The band of linen between coat sleeve and hand is another one of those stylistic gestures associated with the better-dressed man. It has been so ever since the first aristocrat wore his lace ruffles spilled out from beneath his jacket cuffs. Some fashion historian mark the decline in modern men's style from the point at which ready-made buttoned cuffs replaced cuff-linked ones and men found their wrists swathed in excess fabric, which either fell down their wrists or pulled up too short.
Whether you choose a button cuff or a French cuff, the shirt cuff should fit snugly around the wrist so that the additional length required to keep it from moving as the arm stretches does not fall down over the hand. If you can slide your hand though the cuff opening without first unfastening it, it is too large. If the sleeve is long enough and the cuff fits correctly, you should be able to move your arm in any direction without influencing how the cuff sits on top of your hand. The shirt cuff and hand should be able to move as a unit.
During the 1960s peacock era, when dress shirts had the fit of a second skin and were worn to flaunt the chest and arm muscles, the wearer had to pay particular attention to gaping shirtfronts if he inhaled too deeply or Sat down. Today, with comfort driving the fit of men's clothes, issues such as these are no longer of much concern.
The shirt should certainly be full enough to allow its wearer to sit without concern. Normal shrinkage or a slight weight gain should not render it uncomfortable across the chest or waist. Since shirts with blousier fits tend to have lower arm holes, one should pay attention that the jacket's armhole does not pull up the shirtsleeve, making it too short to rest on the top of the hand. A shirt's armhole should fit comfortably up into the armpit for easier movement and consistent length. The shirt's overall length should be such that you can raise your arms without pulling the garment out of the trouser top.
IN CONSIDERATION OF QUALITY
The most expensive component of any dress shirt is its fabric. As the layer in closest contact with the wearer's skin, the most comfortable and luxurious fiber to wear is unquestionably 100 percent cotton. Anyone doubting this need only examine the fiber content of almost all men's undergarments.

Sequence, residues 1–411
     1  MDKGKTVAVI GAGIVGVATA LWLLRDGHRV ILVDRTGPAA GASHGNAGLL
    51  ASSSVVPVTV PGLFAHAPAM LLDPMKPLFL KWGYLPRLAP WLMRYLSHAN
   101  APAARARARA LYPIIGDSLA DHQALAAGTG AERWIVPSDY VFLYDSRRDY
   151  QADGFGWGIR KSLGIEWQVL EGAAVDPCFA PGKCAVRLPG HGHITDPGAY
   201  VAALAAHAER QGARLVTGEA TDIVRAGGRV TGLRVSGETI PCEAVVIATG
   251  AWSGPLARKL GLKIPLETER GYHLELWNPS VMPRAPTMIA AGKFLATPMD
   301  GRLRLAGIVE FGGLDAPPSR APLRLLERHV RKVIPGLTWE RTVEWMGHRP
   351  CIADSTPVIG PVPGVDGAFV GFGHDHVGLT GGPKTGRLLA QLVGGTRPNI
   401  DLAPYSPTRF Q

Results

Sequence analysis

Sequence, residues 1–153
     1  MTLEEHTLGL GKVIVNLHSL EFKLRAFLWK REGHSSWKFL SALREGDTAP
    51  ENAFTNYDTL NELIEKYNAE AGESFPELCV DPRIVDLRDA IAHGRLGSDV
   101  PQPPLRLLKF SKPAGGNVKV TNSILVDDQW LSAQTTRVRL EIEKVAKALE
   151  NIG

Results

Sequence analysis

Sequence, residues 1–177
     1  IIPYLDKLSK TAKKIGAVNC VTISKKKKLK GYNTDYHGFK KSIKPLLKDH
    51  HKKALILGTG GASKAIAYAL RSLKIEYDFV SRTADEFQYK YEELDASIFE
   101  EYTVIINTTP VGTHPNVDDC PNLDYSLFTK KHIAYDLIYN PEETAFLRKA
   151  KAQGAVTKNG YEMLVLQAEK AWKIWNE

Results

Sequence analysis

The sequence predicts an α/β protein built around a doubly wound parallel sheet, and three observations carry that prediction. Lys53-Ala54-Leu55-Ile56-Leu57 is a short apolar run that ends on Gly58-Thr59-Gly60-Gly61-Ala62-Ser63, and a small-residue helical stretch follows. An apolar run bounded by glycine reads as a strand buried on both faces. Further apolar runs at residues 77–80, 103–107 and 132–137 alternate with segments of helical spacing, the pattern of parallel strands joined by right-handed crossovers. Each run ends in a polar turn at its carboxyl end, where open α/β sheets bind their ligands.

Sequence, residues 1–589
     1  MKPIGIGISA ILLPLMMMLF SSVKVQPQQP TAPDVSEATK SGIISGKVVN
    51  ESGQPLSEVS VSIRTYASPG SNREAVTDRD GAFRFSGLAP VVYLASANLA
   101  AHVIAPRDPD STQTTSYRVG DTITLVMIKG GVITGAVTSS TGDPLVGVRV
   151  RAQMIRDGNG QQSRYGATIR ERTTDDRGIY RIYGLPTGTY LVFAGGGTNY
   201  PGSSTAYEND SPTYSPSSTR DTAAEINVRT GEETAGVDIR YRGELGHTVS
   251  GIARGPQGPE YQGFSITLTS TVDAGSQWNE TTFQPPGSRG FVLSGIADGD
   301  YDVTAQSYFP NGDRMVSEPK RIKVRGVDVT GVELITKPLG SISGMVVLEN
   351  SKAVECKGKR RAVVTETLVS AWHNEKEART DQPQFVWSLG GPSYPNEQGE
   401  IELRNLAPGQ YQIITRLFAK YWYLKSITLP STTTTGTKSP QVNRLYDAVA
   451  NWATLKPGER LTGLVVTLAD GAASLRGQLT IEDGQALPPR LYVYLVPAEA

Better dress shirts are made in two-ply cotton or two-fold yarns, less expensive ones in single-ply. Cotton-poly blends are never two-ply, therefore these fabric tend to be found only in cheaper shirts. In a true two-ply fabric, the yarns used in the vertical warp and horizontal weft are made from two fibers long enough to twist around each other to produce the incremental strength, silk ness, and luster associated with the two-fold luxury fabric. The finer the yarn, the higher its threads per-inch count. Two-ply fabrics start at 80/2 (the 2 representing two-ply) and progress to as fine as 220/2 (which feels more like silk than cotton and is so expensive it is use only in custom-made shirts). Since two-ply dress shirt are costlier, most manufacturers will include this designation on the label. If it is not so designated, it usually means the shirt is of a single-ply fabric and its cost should reflect this.
Most two-ply dress shirts begin retailing at $75 for those privately labeled in large department stores and go to well over $200 for those more highly crafted with finer-count two-ply fabrics. This is not to suggest that single-ply dress shirts are necessarily inferior to or automatically less desirable than two-ply versions. Since we know how a poorly designed collar can scuttle the most expensive dress shirt, the two-ply designation reflects a garment's intrinsic quality and not its relative value.
The better dress shirt is one of the few products whose craft has been relatively uncompromised by modern manufacturing technology. Due to the many pieces that must be put together and the exacting sewing procedures required, there is no substitute for the skilled, highly trained labor needed to produce a fine dress shirt. As it is not covered over by linings and such, a dress shirt's construction, with the exception of collar and cuff, can be more easily evaluated than that of tailored clothing or neckties. All of its stitching, seams, and finishing are plainly exposed to the inquiring eye, especially if one knows what to look for and why.
There can be some details of workmanship that, should even one be found present, signal your investigation is at an end and the shirt's dearer price has been confirmed. Most of these benchmarks are holdovers from a less mechanized age when the standards for deluxe quality were set by bespoke shirt makers. No manufacturer would willingly invest in the labor required to make such a shirt without ensuring the fabric was of a quality that justified the product's retail price. He would be hard-pressed to recoup the cost of such craftsmanship if it was wasted on a shirt composed of inferior cloth.
The handmade buttonhole is a detail rarely found in shirt made outside of France or Italy. If you have a shirt with handmade buttonholes it represents a piece of workmanship that literally comes from the old country. Now, some custom shirt makers will argue in favor of a fine machine-made buttonhole over a handmade one, but handmade buttonholes are a mark of top-drawer threads. Ironically, their imperfect and visible portion can only identify them. As with legitimate custom tailored clothes, buttonholes are to be handmade, nothing less.